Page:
Bay Path College/Sajuka School Library Initiative
LONGMEADOW, Mass.—A delightful surprise welcomed more than 300 young children at the Sajuka Community School in Barra, The Gambia, Africa, as they began the school year—a new library and nearly 3,000 books collected and donated by the Bay Path College community as part of the Bay Path College/Sajuka School Library Initiative.
“The Bay Path community really supported us in this endeavor,” said Bay Path senior Nyillan Fye, who organized the drive and serves as co-director of the Initiative. “We have altered the lives of these children and their families for the better, and they are very appreciative.”
The Initiative, which was implemented by Fye, along with John Jarvis, PhD, professor of English and communications at Bay Path, supports education efforts in Barra, Fye’s birthplace. She lived in The Gambia for the first 12 years of her life before moving to the United States in 1998, and typically returns to her homeland once a year. For several months last spring, Fye was preparing for her summer trip to Barra, and spent long hours in Hatch Library studying the Dewey Decimal System, the most widely used library classification system in the world. After one of her courses with Dr. Jarvis, she discussed her plans to establish Sajuka’s library. Although Sajuka was established 25 years ago, the institution had very humble beginnings, and has slowly grown during the last two decades.
In 1984, Fye’s father, Momodou Fye, founded Sajuka after witnessing a fatal car accident killing two children who were walking home from Essau Primary School, which was nearly five to six miles from Barra. At the time of the fatal accident, nearly 40 percent of the Barra population was comprised of school-age children, who walked great distances to attend school. Moments after the crash, Momodou Fye recalled his childhood school days 20 years earlier—walking barefoot through the rough bushes to Essau Primary. His recollection closely mirrored the travels of Barra’s young children—the only difference between his memories and the reality of 1984 was fewer vehicles on the roadways. Momodou Fye responded to the tragedy by mobilizing the village to establish a school for the children of Barra—a feat they accomplished in just four days after the accident. He persuaded his father to relinquish a decrepit structure, which they quickly renovated as a new school; his cousin, who received his high school diploma, agreed to serve as a teacher, and he worked with villagers and neighboring communities to secure necessary teaching materials. When it first opened, Sajuka Community School enrolled children five years old and younger. Over the course of 20 years, Sajuka expanded to include a primary school for children as well as a vocational school for teens.
Dedicated to enhancing the educational experience for the schoolchildren at Sajuka, Nyillan Fye was determined to establish a library within the school not only for the students, but for the community of Barra as well. Intrigued by Nyillan Fye’s story and ambitions to improve the school environment for children in her homeland, Dr. Jarvis worked with her and his students in world religion and intercultural communication courses to launch the book drive. In a matter of weeks, Nyillan Fye and Jarvis collected 3,000 volumes, ranging from picture books for pre-school children to science and calculus textbooks for high school seniors. Once the books were collected, Bay Path faculty and staff contributed more than $1,300 to ship the 46 boxes of books overseas. “This was an opportunity for Bay Path students not only to learn about conditions in other countries, but also to get involved and make a difference in the lives of these children. It was an excellent way to move learning beyond the textbook and classroom,” said Jarvis.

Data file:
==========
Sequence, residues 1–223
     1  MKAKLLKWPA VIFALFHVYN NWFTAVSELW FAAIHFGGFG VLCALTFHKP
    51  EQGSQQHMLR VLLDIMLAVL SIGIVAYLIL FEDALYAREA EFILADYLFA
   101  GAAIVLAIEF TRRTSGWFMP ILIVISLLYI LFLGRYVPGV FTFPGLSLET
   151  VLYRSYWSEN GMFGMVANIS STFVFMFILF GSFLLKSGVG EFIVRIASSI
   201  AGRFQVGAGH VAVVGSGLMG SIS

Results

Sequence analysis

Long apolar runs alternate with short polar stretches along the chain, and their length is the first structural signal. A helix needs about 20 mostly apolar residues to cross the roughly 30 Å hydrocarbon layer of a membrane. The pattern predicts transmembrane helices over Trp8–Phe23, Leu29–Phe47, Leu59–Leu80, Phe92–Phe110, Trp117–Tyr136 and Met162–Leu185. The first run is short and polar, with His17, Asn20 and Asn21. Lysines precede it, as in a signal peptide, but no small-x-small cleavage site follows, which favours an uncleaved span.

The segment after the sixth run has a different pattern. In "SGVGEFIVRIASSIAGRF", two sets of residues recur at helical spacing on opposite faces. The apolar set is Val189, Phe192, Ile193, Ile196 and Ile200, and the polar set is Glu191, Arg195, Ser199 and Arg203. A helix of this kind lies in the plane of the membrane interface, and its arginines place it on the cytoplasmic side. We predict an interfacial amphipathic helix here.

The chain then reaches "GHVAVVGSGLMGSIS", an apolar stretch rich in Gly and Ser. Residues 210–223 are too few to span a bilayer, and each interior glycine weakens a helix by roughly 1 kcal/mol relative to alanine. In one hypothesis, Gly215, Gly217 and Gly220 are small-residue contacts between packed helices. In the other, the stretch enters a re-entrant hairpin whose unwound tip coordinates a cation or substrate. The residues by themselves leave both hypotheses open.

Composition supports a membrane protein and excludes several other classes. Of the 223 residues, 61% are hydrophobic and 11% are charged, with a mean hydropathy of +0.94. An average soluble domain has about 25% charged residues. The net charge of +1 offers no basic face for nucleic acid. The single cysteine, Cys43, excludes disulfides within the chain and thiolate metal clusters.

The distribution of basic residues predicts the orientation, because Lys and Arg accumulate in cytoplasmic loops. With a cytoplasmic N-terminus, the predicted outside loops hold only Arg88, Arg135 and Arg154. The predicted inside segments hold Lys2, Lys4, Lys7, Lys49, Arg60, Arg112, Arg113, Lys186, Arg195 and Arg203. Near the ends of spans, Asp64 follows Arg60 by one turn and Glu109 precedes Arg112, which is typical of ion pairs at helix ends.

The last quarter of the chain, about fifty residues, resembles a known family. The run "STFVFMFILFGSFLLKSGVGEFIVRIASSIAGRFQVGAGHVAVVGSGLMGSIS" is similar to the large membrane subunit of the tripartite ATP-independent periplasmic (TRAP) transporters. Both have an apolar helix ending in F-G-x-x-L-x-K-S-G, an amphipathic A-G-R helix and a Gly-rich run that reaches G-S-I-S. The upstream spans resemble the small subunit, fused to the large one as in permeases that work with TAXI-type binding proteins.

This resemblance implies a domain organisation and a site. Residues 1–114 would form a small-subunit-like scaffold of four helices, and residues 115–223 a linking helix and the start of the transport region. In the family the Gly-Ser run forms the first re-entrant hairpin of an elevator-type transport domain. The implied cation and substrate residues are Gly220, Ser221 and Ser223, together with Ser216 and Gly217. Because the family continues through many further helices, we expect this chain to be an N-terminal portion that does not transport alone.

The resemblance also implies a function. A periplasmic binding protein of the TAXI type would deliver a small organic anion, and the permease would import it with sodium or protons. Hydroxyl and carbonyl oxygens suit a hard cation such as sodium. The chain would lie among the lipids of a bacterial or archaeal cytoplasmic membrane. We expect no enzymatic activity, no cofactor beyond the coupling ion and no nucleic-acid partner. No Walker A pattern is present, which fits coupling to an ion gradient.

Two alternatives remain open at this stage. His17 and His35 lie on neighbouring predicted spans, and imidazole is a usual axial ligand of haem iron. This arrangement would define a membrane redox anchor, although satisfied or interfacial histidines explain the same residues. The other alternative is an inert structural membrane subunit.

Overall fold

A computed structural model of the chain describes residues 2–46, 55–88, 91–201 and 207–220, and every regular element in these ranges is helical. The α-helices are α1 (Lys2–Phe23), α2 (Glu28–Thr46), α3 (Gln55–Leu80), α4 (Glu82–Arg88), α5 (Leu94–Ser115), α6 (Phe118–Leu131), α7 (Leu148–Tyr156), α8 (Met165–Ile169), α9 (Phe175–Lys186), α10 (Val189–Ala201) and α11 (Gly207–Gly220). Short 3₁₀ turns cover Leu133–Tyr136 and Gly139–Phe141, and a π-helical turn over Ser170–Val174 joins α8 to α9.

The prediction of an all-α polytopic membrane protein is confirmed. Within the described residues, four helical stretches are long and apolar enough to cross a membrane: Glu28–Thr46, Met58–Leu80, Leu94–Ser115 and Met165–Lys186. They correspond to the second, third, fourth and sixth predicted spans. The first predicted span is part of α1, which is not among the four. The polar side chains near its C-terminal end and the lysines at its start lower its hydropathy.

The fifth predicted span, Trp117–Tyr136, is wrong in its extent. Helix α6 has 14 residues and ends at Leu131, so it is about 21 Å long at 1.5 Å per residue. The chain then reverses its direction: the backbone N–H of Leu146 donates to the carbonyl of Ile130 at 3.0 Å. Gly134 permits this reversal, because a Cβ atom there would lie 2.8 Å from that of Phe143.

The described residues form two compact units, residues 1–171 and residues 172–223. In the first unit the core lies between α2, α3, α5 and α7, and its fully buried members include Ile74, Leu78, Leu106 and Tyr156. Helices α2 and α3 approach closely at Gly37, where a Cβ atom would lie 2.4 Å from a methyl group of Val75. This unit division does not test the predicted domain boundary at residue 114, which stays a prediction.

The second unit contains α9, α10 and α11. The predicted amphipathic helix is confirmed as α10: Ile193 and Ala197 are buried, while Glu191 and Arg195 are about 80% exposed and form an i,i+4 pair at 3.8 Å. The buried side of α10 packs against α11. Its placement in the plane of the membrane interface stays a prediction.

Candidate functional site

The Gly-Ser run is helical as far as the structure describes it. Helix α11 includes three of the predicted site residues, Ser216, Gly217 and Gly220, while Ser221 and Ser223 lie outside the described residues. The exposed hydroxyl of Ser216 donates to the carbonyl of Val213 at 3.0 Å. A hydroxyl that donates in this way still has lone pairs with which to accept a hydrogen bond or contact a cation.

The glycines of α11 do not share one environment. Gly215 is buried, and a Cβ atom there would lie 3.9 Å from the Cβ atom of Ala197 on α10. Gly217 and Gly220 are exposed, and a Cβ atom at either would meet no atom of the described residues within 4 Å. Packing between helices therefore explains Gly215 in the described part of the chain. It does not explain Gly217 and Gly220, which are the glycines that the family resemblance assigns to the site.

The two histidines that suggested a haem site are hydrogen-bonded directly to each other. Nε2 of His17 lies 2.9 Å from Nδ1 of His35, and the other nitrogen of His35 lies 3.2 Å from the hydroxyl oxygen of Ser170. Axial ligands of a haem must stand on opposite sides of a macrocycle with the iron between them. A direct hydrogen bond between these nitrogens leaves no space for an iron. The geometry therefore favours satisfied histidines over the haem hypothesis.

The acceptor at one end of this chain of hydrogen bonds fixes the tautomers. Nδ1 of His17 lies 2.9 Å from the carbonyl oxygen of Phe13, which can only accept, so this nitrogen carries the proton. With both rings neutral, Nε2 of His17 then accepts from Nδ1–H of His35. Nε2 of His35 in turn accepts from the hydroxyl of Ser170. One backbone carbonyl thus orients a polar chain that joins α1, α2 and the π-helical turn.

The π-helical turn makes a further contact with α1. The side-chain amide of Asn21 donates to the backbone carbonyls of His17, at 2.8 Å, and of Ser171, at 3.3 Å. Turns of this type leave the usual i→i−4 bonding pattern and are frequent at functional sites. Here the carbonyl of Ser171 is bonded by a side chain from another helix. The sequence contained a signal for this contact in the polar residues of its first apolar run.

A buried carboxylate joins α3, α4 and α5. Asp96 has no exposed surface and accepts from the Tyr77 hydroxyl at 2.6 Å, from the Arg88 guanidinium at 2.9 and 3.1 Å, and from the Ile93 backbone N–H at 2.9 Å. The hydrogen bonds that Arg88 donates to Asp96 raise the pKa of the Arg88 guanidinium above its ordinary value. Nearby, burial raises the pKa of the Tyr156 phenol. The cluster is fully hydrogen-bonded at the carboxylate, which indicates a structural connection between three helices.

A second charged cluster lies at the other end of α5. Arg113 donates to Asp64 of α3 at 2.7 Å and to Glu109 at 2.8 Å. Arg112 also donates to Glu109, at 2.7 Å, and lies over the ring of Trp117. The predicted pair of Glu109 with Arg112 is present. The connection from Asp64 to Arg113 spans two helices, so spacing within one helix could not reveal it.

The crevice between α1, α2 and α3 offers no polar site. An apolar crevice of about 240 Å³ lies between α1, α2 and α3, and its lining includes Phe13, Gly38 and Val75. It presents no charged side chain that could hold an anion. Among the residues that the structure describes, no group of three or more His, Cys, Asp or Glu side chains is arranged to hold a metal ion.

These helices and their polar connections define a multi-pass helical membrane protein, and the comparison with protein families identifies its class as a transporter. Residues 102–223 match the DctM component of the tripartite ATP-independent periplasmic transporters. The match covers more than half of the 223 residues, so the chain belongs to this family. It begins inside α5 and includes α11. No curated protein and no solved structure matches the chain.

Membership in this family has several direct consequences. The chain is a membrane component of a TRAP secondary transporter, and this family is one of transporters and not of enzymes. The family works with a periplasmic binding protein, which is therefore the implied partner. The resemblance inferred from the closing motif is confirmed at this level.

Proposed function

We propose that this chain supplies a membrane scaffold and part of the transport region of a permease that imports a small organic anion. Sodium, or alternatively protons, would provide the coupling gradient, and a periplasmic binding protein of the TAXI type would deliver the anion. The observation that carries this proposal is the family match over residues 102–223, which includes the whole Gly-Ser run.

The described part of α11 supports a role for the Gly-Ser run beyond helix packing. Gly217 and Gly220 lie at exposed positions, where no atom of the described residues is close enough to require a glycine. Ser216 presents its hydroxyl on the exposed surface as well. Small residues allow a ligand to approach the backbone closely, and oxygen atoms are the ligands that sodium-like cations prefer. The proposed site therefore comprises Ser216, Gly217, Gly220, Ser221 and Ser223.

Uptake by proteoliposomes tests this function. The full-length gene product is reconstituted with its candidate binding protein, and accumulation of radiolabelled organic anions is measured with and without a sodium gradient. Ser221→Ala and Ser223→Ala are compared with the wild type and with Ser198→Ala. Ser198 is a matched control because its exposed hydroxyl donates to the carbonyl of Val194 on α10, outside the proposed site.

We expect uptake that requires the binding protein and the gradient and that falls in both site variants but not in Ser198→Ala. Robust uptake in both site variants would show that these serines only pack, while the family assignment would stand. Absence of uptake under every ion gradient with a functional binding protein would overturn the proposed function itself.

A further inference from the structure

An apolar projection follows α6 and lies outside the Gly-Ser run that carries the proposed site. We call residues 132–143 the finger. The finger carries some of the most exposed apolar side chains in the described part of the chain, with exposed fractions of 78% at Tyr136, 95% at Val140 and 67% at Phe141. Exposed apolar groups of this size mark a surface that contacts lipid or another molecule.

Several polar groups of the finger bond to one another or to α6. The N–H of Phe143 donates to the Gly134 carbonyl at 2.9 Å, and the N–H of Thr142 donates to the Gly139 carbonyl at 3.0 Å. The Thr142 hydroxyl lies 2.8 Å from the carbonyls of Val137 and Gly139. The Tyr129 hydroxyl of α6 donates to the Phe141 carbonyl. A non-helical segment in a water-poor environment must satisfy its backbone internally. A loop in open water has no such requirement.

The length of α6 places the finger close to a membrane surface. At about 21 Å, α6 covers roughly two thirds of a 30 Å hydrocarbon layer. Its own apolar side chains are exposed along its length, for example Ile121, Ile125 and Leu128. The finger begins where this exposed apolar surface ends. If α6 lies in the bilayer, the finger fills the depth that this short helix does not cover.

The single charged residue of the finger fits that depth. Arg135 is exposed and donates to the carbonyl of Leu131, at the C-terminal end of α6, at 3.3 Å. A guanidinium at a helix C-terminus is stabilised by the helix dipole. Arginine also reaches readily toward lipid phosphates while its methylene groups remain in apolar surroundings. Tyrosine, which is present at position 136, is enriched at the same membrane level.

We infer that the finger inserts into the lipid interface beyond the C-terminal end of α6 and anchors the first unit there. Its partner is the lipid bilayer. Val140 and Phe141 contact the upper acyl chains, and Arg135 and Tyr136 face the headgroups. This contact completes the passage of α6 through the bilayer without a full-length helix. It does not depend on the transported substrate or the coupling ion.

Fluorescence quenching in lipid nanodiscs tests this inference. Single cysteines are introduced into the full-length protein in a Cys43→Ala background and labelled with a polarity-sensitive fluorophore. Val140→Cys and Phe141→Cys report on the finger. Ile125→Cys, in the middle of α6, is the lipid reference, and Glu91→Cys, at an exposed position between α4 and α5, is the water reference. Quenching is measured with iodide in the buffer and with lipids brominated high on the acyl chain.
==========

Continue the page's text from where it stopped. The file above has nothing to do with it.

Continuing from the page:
The book drive has also led to a partnership between Bay Path and Sajuka, enabling Bay Path to broaden its mission to educate young women globally through the Bay Path Scholars Program. The program will allow Bay Path to sponsor 10 Barra children who do not currently attend school. Barra has not established a public school system, and Sajuka remains the only school in the community. Sajuka tuition is nearly $100 per year—a fee most Barra families cannot afford. The Bay Path community has already raised enough tuition for six children to attend the school, and efforts to raise the additional $400 to send four more children are underway. Nyillan Fye intends to name the new scholars during the grand opening of Sajuka’s library in January. “We want the children of Barra, especially girls and young women, to have an opportunity to attend school and learn how to read,” said Nyillan Fye. “The Bay Path Scholars Program is an excellent way for us to encourage Gambian girls and young women to remain in school and pursue a higher education at Bay Path.”
During her visit to Sajuka in January, Nyillan Fye plans to meet with President of The Gambia Alhaji Yahya Jammeh to discuss Bay Path’s efforts and future plans to enhance education for schoolchildren in Barra. Nyillan Fye will also propose using Sajuka and Bay Path’s relationship as a model for partnerships between other primary schools and communities in The Gambia and colleges in the United States.
“The Bay Path community continues to help the children at Sajuka Community School receive an acceptable education, and the College’s endeavors are having a great influence on other children beyond Sajuka in The Gambia,” said Nyillan Fye. “I’m very excited to see new partnerships form, which will greatly impact the future of children living Barra and The Gambia.”
Visit www.sajuka.org for more information about Sajuka Community School.